Nickelodeon is launching an OTT service. Yes, basically it’s like Netflix, but just for Nickelodeon shows. That should be an awesome announcement, right? Well, in theory, yes, it should. However the reality is different. Nickelodeon is a major producer of animation in the US, and by launching an OTT service, it endangers the future of the artform.
Fred Patten over on Cartoon Research has a verythorough and insightful post about translation and the comedy of errors that can result. That’s something that continually seems to haunt animation. Live-action has less of an issue because, quite simply, less of it travels across borders thanks to its lower cost. Animation, being as expensive as it is, seems to require international sales in order to succeed and that means a lot of translation. Latin-based languages aren’t too difficult, but once you cross the Pacific, things get tricky; a fact that Fred’s post does much to enlighten us about.
Happy feet no longer tapping as animation studio sells upHappy feet no longer tapping as animation studio sells up
Animation is tough business, and the latest casualty is the Australian studio that produced Happy Feet 2:
Unfortunately, the only story Dr D managed to share was Happy Feet Two. The continual slate of production that had been anticipated failed to materialise, and the 650 or so staff who had been hired (mostly on contract) at the peak of production dwindled in the months after to about 50. In more recent times, it is believed fewer than half a dozen people were employed by the company.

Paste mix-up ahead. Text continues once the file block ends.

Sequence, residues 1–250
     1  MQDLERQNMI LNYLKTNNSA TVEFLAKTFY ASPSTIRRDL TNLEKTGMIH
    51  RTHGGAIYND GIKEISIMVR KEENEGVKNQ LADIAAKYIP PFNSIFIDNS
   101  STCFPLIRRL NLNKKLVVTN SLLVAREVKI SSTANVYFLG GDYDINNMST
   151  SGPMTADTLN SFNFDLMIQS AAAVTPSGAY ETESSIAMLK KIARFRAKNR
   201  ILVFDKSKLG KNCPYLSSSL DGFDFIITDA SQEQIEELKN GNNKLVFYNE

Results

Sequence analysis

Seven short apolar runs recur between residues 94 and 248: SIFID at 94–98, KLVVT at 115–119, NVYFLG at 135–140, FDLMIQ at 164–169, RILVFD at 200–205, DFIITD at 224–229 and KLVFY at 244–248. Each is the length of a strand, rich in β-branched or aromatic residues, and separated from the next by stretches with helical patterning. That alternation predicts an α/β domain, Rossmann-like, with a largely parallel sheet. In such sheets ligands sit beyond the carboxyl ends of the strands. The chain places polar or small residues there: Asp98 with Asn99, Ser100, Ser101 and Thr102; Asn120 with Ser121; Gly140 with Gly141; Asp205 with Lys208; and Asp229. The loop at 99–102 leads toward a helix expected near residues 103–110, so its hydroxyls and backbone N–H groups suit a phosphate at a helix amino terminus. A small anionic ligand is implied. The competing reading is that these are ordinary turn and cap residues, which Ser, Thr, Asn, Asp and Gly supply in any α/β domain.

In a rare self-referential link, Michael Sporn read my post on Animation Scoop questioning the race for the easy dollar among major animation studios and posted his own, well-measured thoughts. The topic is of concern to me primarily because the gold rush that animation currently is has lead to a lot of formulaic films that I fear will result in audience burnout and an industry downturn.
All three seasons of one of the most underrated cartoons of the last decade are now on DVD through Amazon. At $19.99, they aren’t the cheapest, but seeing as this show is well overdue for a release and that DVD is in the twilight years of its existence, you should consider it a worthwhile investment.